The Tale of the GeForce GTX 340, a GPU That Technically Doesn't Exist

"GTX 340"
(Image credit: YouTube)

The GTX 340 is perhaps one of the strangest and rarest graphics cards you can find online today. As covered by the Budget-Builds Official YouTube Channel, the GTX 340 is, in fact, an unofficial GeForce 300 series card that Nvidia never actually produced. Instead, enterprising modders created the cards from standard GT units by adding souped-up dual-slot coolers, modifying the BIOS, applying a hefty overclock, and then changing the identifier string to make the card appear as a "GTX" model in the system.   

First, a quick backstory into Nvidia's 300 series; the 300 series started as a rebrand of the 200 series and was based on the Tesla 2.0 architecture, which proved to be very efficient but very weak in terms of raw horsepower. Due to Tesla's low performance, the 300 series cards were primarily geared for 2D video playback and basic display adapters, but they could run some 3D applications. Oddly enough, the 200 series were nothing more than rebrands of the 200 series. (The only exception being the GT 320 and GT 330, which had very slight improvements over the 200 series counterparts.)

So what about the GTX 340? Apparently, someone years and years ago got into the business of upgrading GT 340s, which were then re-sold to system builders. The mods included a dual-slot cooler, a modified BIOS with the GTX nomenclature, and a hefty core overclock. In fact, the card shows up as a GTX 340 in GPU-z.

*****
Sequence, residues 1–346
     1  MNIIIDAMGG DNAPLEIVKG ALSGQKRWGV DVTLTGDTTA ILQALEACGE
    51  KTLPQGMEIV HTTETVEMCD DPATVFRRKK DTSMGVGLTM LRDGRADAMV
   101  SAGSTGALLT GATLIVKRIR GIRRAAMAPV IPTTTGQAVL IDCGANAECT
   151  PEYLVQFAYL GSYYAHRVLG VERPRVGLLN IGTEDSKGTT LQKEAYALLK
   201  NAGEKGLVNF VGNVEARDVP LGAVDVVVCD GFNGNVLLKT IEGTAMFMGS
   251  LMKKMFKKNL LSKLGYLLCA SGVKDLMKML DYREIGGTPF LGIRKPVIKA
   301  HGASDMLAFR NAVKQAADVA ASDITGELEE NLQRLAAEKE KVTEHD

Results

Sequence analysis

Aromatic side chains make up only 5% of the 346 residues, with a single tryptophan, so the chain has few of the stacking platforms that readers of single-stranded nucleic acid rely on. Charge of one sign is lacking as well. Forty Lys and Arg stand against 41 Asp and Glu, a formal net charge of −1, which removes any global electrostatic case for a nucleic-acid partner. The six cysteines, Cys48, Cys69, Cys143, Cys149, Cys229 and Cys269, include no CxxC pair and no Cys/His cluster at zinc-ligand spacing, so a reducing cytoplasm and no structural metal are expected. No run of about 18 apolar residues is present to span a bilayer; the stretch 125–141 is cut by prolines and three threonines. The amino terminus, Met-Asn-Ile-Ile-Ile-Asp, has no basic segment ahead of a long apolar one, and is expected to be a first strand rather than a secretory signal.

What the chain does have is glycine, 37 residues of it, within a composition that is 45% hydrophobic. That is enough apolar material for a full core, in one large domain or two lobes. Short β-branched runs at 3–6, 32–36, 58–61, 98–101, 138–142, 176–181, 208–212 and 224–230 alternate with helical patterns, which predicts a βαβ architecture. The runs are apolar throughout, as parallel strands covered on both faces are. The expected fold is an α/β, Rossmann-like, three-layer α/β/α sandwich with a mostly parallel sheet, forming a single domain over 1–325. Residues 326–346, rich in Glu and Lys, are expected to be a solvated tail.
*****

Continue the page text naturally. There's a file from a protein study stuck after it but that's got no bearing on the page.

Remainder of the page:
This strategy does make sense — the GT 340 is already very power efficient, consuming just 51W, so getting a good overclock out of the GT 340 wasn't hard at all with a cooler that's twice the size of the original.

Unfortunately, we don't know why this person (or people) decided to give the GT 340 the GTX 340 badge. Still, it was probably to help differentiate these heavily modified cards from the traditional GT 340.

The GTX 340 features a Tesla 2.0 GPU with 96 Shader Units, 32 TMUs, 1GB of GDDR5, and a 51W TDP. The GTX card has a core clock speed of 650 MHz and 1700 MHz memory clock, a decent increase from the GT's original 500 MHz core clock and 850 MHz memory clock.

Of course, with how old this card is, performance is very underwhelming; the card can barely manage 30FPS in CSGO at 480P (yeah, it's that bad), and the performance delta between the GT 340 and the "GTX 340" is barely 2%, at most.

That's the story of the GTX 340; it's perhaps one of the most boring GPUs ever to be released, but it's cool that someone made a brand new SKU out of "thin air," and it seemed to have worked for them. At least from a business perspective. But good luck trying to buy one — they are super scarce on eBay and can only be bought overseas.  

Aaron Klotz
Freelance News Writer

Aaron Klotz is a freelance writer for Tom’s Hardware US, covering news topics related to computer hardware such as CPUs, and graphics cards.